If you haven’t noticed already, the novellas don’t focus on one set of characters. JT and Lizzy are in both Gimme Shelter and The Children of Amargosa, but Gimme Shelter is a prelude to Children. The First One’s Free/Before Amargosa feature the Gelt duo of Kai and Tishla and luckless Compact bureaucrat Douglas Best as they are conned by the man with multiple names. Broken Skies, however, has the most direct connection, besides Gimme Shelter, to the Amargosa trilogy. It’s event begin literally hours after Children ends. But it, too, focuses elsewhere.
Like Before Amargosa, Broken Skies is set in the wider Compact, giving readers a bigger picture of the universe where all this takes place. But instead of JT Austin, Quentin Austin is the POV character. As JT’s father, he has a personal stake in retaking Amargosa. But even he knows that wasn’t the Compact’s best move. When we meet him, he’s balancing his need to rescue the son he stranded on Amargosa as an act of tough love and his realization that another colony, one held longer, might have made a better place for the Compact to counterpunch the mysterious Realm that’s seizing human worlds.
Austin is relatively young for a flag officer, only in his forties in an era where two centuries is common. Yet he behaves as one who has seen much and expects to see more. Part of Austin’s role is to be the audience’s way into the Compact Universe. Sure, he’s a high-ranking officer, but this sudden war has thrown him into a situation thousands of other people are in – a loved one is behind enemy lines, and all he or they can do is carry on with life as usual. Fortunately, life as usual involves breaking those enemy lines.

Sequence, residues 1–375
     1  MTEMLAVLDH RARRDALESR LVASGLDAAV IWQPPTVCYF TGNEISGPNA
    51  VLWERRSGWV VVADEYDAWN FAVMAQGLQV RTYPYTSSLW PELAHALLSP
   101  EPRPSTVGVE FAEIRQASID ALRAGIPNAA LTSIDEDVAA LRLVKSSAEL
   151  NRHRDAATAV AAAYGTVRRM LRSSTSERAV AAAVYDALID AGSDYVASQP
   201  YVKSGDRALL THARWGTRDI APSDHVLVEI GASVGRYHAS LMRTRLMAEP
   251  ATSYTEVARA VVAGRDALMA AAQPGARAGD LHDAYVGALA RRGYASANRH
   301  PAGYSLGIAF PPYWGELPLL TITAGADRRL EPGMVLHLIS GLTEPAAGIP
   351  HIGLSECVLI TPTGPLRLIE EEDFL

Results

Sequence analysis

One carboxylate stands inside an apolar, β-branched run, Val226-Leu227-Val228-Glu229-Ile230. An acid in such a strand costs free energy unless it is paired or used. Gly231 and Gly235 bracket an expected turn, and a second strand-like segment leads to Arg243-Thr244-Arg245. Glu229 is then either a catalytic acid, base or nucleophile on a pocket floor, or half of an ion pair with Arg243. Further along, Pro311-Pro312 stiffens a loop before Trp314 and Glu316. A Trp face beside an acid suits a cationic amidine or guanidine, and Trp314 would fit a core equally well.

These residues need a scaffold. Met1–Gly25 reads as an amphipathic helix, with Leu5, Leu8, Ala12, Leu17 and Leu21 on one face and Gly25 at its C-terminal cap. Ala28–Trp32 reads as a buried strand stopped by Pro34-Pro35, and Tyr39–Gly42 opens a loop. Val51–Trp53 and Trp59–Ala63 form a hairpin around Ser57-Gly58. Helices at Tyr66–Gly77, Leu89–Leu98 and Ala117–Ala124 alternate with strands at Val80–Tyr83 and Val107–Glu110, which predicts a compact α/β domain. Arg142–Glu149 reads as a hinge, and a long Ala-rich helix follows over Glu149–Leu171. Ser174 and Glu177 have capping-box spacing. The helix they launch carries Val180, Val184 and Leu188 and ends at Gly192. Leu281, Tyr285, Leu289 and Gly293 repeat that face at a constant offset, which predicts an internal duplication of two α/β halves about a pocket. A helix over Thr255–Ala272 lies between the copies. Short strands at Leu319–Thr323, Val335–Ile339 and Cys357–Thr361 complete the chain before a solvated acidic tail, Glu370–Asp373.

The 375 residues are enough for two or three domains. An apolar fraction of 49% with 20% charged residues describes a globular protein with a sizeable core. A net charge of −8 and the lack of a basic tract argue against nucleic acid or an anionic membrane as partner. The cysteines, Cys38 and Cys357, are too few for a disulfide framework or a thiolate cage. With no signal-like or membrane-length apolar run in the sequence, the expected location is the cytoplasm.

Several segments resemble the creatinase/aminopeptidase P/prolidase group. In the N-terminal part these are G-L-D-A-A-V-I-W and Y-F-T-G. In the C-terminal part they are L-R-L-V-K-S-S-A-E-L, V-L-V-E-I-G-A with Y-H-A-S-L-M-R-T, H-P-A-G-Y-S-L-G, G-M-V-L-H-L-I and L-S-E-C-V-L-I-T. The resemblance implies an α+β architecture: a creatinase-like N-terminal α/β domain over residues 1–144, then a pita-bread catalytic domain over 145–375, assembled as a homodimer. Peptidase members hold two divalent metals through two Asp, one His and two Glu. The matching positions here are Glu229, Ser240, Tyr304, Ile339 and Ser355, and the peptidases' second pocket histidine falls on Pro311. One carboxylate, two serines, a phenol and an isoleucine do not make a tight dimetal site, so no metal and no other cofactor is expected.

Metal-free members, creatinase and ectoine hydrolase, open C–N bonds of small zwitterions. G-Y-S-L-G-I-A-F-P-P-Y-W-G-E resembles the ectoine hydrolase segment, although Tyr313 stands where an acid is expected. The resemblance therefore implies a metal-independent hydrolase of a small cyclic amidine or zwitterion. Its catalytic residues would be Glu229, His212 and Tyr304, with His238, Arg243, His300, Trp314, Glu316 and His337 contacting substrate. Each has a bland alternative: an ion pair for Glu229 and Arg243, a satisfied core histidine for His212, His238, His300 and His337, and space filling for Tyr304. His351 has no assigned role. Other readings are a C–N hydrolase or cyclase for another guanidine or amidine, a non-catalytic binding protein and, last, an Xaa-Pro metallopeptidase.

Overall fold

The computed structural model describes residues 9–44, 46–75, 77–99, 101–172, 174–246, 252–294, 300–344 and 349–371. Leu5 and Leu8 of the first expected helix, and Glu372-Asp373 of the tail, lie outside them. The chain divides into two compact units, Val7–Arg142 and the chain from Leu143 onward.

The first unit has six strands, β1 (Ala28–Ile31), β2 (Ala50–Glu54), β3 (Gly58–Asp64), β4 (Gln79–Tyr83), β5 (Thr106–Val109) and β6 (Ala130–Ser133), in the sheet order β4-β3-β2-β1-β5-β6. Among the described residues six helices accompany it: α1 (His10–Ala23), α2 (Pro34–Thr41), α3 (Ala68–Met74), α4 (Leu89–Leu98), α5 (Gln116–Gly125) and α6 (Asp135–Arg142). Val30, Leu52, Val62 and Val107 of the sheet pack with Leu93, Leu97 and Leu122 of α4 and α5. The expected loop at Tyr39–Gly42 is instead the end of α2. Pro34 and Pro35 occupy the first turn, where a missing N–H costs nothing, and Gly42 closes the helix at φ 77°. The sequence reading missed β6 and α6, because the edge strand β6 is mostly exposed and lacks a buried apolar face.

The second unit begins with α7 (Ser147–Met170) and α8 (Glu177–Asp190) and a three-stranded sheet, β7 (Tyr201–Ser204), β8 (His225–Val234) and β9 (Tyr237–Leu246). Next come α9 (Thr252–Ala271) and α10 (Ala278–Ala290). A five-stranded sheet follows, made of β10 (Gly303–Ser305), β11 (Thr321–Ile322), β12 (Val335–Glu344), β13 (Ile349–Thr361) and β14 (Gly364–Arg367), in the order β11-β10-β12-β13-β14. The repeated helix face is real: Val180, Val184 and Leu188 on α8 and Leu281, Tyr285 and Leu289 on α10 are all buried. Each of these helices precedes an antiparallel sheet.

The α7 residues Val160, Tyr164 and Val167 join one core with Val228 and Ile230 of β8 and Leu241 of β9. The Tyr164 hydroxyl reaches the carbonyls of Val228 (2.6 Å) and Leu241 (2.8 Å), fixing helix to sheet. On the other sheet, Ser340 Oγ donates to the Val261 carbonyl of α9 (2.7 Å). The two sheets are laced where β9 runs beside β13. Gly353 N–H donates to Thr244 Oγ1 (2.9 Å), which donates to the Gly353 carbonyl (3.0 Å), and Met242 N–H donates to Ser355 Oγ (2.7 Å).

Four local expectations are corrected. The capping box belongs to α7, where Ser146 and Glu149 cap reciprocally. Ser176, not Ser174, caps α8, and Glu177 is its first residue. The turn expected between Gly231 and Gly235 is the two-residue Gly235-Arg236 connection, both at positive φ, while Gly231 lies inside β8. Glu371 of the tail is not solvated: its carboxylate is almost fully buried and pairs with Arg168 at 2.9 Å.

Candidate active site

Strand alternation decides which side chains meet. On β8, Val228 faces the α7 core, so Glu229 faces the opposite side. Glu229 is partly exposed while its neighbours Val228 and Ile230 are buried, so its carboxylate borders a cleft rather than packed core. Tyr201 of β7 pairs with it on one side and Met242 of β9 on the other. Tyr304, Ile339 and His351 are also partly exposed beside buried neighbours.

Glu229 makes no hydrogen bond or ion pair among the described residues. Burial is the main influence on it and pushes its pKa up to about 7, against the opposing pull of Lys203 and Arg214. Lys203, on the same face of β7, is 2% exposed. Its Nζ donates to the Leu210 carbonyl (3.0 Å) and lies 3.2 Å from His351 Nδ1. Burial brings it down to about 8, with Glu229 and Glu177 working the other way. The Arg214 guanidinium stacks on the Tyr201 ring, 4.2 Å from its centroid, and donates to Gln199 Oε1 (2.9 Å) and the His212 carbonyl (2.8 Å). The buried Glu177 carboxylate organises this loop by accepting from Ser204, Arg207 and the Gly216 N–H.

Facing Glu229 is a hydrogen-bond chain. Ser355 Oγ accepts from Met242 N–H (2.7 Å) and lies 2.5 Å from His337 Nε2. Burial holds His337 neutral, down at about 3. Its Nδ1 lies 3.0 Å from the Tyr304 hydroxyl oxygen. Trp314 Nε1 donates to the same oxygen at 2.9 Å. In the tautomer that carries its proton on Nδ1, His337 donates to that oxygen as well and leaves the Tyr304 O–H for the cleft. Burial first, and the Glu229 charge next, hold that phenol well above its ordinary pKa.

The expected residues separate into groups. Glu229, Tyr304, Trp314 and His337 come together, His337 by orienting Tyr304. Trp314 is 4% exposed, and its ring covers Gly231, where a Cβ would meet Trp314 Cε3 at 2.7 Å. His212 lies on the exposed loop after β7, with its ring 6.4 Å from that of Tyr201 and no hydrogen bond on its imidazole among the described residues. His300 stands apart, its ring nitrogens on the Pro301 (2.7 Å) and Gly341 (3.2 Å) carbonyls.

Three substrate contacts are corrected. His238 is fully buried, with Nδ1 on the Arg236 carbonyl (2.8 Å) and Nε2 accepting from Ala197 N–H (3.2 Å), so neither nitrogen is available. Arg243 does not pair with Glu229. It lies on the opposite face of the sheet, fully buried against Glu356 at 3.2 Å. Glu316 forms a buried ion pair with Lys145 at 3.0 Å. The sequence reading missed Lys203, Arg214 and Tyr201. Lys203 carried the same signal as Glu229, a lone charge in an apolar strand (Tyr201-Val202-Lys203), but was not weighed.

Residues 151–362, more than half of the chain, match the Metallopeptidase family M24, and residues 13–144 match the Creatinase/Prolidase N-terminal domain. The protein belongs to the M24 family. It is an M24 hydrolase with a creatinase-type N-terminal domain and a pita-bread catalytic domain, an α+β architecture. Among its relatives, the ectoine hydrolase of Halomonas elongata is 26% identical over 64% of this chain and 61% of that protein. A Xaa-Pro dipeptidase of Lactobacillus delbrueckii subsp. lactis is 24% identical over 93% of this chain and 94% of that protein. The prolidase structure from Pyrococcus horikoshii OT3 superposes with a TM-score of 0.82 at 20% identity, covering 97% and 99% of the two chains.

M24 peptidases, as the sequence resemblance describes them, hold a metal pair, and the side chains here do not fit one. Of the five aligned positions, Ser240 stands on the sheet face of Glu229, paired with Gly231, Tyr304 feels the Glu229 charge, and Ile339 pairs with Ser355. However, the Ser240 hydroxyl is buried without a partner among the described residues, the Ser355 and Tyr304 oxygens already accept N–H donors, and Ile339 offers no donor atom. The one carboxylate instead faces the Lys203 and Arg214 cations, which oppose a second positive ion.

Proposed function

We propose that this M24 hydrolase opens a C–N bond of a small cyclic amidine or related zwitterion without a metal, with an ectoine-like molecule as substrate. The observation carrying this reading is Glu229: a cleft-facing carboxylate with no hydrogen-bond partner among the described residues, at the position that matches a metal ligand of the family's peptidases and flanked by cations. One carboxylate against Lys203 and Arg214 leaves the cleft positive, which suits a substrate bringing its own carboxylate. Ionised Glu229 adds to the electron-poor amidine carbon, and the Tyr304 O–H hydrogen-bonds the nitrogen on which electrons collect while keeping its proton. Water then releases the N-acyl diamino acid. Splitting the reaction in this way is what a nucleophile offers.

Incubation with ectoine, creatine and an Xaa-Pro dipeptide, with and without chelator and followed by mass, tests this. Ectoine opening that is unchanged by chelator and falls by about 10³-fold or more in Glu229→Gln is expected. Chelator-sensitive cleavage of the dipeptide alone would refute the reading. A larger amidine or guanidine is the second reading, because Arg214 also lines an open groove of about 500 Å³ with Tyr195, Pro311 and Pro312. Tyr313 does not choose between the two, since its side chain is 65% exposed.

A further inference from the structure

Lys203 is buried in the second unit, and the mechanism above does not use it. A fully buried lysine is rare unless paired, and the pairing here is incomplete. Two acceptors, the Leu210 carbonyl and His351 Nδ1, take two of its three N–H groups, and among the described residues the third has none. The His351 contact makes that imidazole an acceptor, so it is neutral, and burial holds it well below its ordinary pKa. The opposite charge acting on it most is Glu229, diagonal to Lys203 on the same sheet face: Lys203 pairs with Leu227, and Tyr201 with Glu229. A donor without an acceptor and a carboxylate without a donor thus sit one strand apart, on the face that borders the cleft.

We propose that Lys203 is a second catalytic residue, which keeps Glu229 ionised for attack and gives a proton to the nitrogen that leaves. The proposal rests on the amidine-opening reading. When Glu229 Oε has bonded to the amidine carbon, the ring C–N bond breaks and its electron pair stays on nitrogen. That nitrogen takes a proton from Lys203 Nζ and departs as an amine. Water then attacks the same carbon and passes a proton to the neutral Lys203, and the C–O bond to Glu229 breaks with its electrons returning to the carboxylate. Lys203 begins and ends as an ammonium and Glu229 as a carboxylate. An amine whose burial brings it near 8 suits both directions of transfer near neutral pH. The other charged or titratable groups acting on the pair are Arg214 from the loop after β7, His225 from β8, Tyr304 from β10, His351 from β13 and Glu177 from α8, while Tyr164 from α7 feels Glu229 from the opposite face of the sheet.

He’s aided and supported by the rather comely Admiral Eileen Burke. If that name sounds familiar, it’s because I lifted it directly from Ed McBain’s 87th Precinct. Having read a couple of novels with Burke as a character, I read up on the rest of her history in that series. Burke, a police detective, is young, almost immature, and winds up being traumatized in the line of duty. Plus, and I hate to say this because McBain was such a good writer, Burke was basically the token girl in McBain’s testosterone-laced precinct.
My Eileen Burke, so named on as a homage to McBain, is on the opposite end of McBain’s Burke. Pushing 120 years, with her age genetically frozen at 35, she’s gone through even more than McBain’s Burke. The result is a young-looking old lady who’s seen it all, done it all, and managed to survive.
Burke also serves to show the effects of stalled aging and extreme longevity on human society. She handles her superiors deftly and even alien commanders seem intimidated by this female who fails to be impressed by armor and firepower.
Austin and Burke appear again in Warped, which is in rough draft. Burke is a mentor to quite a few of officers in the Compact Navy. Austin emerges from Broken Skies with a certain contempt for the bureaucracy and the rules. It’s not the Gelt who need to worry that they’re in command. It’s the enemies within humanity who are in trouble.